Chapter 13


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Chapter 13

A section of the U.S. Bankruptcy Code that deals with reorganization of debt of wage-earning individuals, including the opportunity to save their homes from foreclosure.

Chapter 13

A form of bankruptcy in which a person or company reorganizes his/her/its debts so they are repaid over a period of three to five years. This form of bankruptcy is most commonly used if one continues to have significant income even though one's debts have become too burdensome. A disadvantage to Chapter 13 is the fact that one's debts are not discharged. However, Chapter 13 may allow one to maintain ownership of assets that would otherwise be liquidated. It is also called a wage earner plan. See also: Chapter 7, Chapter 11, Best interests of creditors test.
References in classic literature ?
In chapter 13, verse 18, of the Apocalypse, it is said:
James Leduc Screenprinting, dab JBL Screenprinting, Rochester, filed March 4, Chapter 13.
Now in its twelfth updated edition, Chapter 13 Bankruptcy is the definitive guide to the legal proceedings of chapter 13 bankruptcy in America, written especially for lay readers who may be confronting difficult financial decisions.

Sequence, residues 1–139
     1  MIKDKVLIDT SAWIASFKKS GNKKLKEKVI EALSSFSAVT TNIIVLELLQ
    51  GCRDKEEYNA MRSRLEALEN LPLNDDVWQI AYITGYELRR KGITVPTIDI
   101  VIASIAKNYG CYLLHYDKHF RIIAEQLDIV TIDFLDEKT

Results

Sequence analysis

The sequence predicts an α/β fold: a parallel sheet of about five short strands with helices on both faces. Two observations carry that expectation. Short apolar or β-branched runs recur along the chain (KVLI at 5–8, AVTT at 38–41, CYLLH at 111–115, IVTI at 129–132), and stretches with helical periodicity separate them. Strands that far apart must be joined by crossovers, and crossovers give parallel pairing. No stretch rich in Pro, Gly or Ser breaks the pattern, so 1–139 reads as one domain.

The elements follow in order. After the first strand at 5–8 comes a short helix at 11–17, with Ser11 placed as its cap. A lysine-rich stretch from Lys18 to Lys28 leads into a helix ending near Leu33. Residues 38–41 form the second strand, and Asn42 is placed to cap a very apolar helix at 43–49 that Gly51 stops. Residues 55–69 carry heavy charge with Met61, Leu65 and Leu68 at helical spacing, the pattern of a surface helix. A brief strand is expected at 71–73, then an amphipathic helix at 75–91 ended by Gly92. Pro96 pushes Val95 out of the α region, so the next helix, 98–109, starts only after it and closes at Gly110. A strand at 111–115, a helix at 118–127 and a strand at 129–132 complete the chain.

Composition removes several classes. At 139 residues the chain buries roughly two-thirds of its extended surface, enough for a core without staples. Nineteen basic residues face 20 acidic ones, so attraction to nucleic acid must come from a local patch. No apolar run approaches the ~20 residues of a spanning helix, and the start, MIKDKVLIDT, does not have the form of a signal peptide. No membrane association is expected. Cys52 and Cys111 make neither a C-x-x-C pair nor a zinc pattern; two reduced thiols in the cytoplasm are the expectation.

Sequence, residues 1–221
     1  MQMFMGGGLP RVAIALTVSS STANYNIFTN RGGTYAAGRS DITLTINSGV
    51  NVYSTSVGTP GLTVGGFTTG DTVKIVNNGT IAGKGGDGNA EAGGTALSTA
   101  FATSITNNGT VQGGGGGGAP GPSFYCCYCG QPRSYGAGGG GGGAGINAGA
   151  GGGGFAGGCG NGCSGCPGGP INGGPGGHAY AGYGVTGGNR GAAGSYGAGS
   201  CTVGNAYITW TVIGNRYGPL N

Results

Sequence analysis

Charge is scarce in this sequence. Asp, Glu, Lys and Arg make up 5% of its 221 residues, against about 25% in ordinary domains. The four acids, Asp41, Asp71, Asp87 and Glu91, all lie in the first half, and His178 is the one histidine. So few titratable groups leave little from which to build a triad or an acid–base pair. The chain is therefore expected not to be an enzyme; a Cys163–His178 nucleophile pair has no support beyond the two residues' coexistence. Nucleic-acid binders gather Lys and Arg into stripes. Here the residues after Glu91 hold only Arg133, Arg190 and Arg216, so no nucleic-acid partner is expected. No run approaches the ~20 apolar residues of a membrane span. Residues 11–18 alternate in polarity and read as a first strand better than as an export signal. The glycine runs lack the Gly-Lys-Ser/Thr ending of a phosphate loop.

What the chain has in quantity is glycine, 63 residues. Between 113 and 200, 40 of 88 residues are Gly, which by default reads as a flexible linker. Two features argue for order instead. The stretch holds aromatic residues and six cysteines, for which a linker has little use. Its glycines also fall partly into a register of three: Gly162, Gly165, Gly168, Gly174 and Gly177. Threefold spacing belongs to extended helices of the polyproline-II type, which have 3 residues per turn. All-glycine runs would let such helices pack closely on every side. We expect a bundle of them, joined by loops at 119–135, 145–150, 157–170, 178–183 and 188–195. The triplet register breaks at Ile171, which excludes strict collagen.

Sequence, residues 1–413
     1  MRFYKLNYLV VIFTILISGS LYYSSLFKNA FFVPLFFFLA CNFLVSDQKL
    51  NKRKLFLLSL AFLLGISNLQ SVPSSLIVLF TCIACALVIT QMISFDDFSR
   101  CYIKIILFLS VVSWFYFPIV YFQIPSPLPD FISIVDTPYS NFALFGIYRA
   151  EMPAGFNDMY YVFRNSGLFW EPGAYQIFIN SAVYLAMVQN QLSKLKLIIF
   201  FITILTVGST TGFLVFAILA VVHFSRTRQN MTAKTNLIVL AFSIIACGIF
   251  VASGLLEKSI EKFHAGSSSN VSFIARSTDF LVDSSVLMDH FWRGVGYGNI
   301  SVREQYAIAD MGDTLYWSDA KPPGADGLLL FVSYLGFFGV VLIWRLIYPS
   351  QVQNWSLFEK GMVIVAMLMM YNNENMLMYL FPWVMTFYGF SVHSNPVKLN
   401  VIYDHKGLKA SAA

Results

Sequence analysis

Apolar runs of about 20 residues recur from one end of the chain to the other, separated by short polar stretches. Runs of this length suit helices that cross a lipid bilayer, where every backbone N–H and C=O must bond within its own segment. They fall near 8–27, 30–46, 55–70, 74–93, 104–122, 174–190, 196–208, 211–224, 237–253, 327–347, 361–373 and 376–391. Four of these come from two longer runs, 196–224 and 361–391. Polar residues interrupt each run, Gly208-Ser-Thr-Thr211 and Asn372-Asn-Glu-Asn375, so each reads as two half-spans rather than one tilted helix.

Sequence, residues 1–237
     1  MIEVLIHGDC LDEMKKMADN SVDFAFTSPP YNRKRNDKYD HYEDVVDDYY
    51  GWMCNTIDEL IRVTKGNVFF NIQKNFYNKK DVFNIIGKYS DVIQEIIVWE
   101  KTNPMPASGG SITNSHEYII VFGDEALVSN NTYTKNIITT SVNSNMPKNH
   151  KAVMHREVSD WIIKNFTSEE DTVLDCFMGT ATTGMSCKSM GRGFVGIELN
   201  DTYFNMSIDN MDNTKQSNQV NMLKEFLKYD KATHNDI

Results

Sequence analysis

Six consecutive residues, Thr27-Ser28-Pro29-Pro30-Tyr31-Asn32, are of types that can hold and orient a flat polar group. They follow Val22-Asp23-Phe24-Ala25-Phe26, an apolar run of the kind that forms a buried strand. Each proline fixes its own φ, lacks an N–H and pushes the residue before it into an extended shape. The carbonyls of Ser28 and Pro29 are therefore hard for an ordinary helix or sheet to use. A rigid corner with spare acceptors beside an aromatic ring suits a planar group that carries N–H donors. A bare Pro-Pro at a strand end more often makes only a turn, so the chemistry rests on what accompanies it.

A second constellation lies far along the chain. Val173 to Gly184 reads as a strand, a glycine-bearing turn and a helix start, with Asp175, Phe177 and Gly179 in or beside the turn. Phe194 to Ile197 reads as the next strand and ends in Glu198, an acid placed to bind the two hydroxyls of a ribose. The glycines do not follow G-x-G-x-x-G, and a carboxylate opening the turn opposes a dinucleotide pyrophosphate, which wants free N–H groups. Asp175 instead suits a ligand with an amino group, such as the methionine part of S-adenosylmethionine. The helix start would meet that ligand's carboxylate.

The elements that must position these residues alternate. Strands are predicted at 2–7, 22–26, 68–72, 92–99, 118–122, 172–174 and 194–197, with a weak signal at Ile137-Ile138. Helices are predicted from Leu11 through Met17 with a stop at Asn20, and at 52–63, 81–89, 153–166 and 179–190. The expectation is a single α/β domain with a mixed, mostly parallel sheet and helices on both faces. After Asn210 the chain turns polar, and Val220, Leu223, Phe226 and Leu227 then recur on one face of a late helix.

is now helping clients to gain a greater understanding of the chapter 13 filing process.
Since the bankruptcy law was amended in 2005, however, many individuals have been channeled to Chapter 13, under which a debtor typically pays off a greater amount of debt through a court-approved repayment plan.
Chapter 13 filings also dropped in Massachusetts and Worcester County last year.
WHEN ALPHONZO KERSHAW FELL BEHIND ON THE mortgage of a second home last year, he filed for Chapter 13 bankruptcy, which would prevent a foreclosure and enable him to pay back more than $40,000 in past due mortgage payments and real estate taxes over a five-year period.
Homeowners threatened with foreclosure and individuals and families stressed with creditor harassment continue to consider Chapter 7 and Chapter 13 as options.
But many, particularly those in black communities, have been filing Chapter 13 bankruptcy, which carries a high risk of failure, leaving themselves vulnerable to end up with yet another mountain of debt, instead of a fresh start.
In a volatile economy, people increasingly rely upon student loans to pay for higher education, and, accordingly, questions related to the discharge of those loans under Chapter 13 decisions become more pertinent.
1) The amendments thus deny some debtors Chapter 7's immediate and almost automatic (2) cancellation of debts, and instead thrust them into a Chapter 13 that requires the debtor to make exacting payments to creditors over a period of up to five years.